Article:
Friday, 9 December 2016
The Midnight Gang by David Walliams
And thus we say Good bye to Tom and the Midnight Gang.
I closed The Midnight Gang (Harper Collins), and my son and I looked in each other's eyes and sighed. We didn't want it to end. Tomorrow we start reading another book by the same author.
Typically I avoid reading books written by celebrities. These days everyone dabbles in writing. I knew, of course, that David Walliams wrote many books for children, but as I'm not a big fan of Britain's Got Talent and don't really watch sitcoms, I never had an urge to buy any of his books. Also my 6-year-old son was a bit young for them, I think. So, it was our first joint foray into the world of David Walliams' fiction.
And now my son is totally hooked, he pointed to the pictures of the book covers inside, saying that he wanted to read this book, and that one, and that one too. Basically, all of them. For obvious reasons known to little boys, Mr Stink (title) appealed to him the most.
I avoided reading any reviews so as not to spoil my own impressions of the latest Walliams' novel.
It is a mix of a humorous fiction with some pretty sad pages which left us very emotional.
The story starts when Tom, a boy from a posh boarding school, abandoned by his parents who are gallivanting from country to country and hardly ever see their child, gets hit by a cricket ball on his head and arrives to the hospital.
There he is met by the Porter. He is so ugly, Tom is terrified.
The Porter is a modern reincarnation of Quasimodo who was abandoned as a baby, looks hideous and is confined to the place where he works - Quasimodo to the Cathedral, the nameless Porter - the Lord Funt hospital.
Soon enough, we learn that appearances are deceptive. The Matron is beautiful but her heart is ugly. The Porter is the most kind person in the hospital.
The children on the ward come from different walks of life. As the story unfolds, we find more about Amber who has broken both legs and arms, Robin who had an eye operation and cannot see because of bandages, a Cockney boy George with a huge appetite who has had a tonsillitis, and Sally who is the youngest child on the ward, who has a terminal illness.
In the night, the children escape on the most creative and inspiring adventures around the hospital.
The story is quite simple, written with a gentle humour. There were some in-jokes as well, for example, when the TV talent shows are mentioned with their sob stories, which made me chuckle.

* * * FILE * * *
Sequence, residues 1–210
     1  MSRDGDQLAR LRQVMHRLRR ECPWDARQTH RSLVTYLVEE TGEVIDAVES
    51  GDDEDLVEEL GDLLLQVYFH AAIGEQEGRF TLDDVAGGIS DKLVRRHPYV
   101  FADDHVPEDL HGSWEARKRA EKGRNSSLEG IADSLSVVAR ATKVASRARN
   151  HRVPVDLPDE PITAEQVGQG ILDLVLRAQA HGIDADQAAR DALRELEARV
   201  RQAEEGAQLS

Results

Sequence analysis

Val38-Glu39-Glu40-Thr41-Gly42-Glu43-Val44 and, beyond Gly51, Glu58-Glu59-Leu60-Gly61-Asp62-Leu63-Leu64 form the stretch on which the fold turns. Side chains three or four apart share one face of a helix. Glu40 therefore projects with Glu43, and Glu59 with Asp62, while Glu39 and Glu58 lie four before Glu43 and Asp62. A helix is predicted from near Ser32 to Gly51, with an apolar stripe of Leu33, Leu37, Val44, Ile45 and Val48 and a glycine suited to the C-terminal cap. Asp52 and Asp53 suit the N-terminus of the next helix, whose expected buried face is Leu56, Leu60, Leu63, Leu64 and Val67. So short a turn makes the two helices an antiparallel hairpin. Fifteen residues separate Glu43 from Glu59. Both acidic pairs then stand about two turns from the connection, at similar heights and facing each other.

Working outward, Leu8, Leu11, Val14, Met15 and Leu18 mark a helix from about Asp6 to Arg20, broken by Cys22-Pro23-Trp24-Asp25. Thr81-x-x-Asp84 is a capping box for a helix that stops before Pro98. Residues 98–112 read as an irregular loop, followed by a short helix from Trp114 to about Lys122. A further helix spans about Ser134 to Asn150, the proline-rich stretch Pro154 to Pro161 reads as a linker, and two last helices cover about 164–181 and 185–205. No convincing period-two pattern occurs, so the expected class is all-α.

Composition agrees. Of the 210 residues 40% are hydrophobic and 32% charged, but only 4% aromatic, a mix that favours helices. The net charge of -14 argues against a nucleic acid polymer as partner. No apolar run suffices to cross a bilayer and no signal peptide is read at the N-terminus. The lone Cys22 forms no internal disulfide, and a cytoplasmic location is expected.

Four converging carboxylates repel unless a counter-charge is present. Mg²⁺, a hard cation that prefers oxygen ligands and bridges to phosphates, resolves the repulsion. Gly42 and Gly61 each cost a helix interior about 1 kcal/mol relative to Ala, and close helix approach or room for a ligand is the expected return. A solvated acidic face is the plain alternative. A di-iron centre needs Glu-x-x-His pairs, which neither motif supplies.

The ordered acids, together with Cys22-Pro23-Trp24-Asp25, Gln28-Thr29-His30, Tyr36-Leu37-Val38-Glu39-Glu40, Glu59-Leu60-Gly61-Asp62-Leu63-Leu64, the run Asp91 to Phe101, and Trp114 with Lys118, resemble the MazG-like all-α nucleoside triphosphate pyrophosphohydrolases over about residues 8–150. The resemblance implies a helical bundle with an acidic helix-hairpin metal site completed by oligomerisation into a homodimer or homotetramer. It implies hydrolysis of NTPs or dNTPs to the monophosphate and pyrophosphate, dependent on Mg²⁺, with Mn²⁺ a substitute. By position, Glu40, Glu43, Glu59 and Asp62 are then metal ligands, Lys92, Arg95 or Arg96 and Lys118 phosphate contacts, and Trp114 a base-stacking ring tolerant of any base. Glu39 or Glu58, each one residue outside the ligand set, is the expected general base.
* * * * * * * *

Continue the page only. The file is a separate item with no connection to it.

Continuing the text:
There is a one-winged pigeon, Porter's pet: "This was clearly not an animal that was going to win a TV talent competition any time soon. That was a shame, as what with having only one wing Professor Pigeon had a great backstory".
We laughed, and we cried. Eddie was sobbing his heart out, when we read about poor Porter being abandoned as a baby. He kept asking me: "Mummy, how could she leave her baby?"
My voice was also trembling when I read about the oldest patient in the hospital, 99-year-old Nelly who thought she was a young child and who expected her Daddy to visit her to the hospital. That totally made me well up.
We were left with some questions as to why none of the parents bothered to visit their children. Also the exaggeratedly mean meals at the hospital. I think Tootsie was meant to be a cheerful-compassionate character, but surely even she couldn't expect a child to survive on one cornflake with a drop of ketchup as a meal?! Where were all the doctors in the hospital? The grown-ups in the book (with the exception of The Porter) are either evil or indifferent to the human suffering.
The book is quite long, but that's also because there are lots of illustrations by Tony Ross and there is a huge variety of fonts, which crawl, run and zig zag through the book.
Tony Ross' style of illustration is easily recognisable. They are caricature-ish sketches, amusing and quirky. I felt he should have been kinder, drawing little Sally though.
This is the story of compassion and imagination. The final chapters are very touching, and I dare you not to sniffle, reading about a beautiful life lived in one night.
This touching and funny book will make a great Christmas gift for anyone who enjoys children's literature.
The Midnight Gang is currently on offer on amazon (at £5). I have also seen it in Sainsbury's for £5, while WHSmith sells it at £9.99.
I'm glad we have discovered this author. Goodbye, Midnight Gang! (and Hello, Mr Stink!)
Disclosure: We received this book for the purposes of reviewing. All opinions are our own. I don't have amazon affiliate links, the link above is just a suggestion where to buy it at a better price.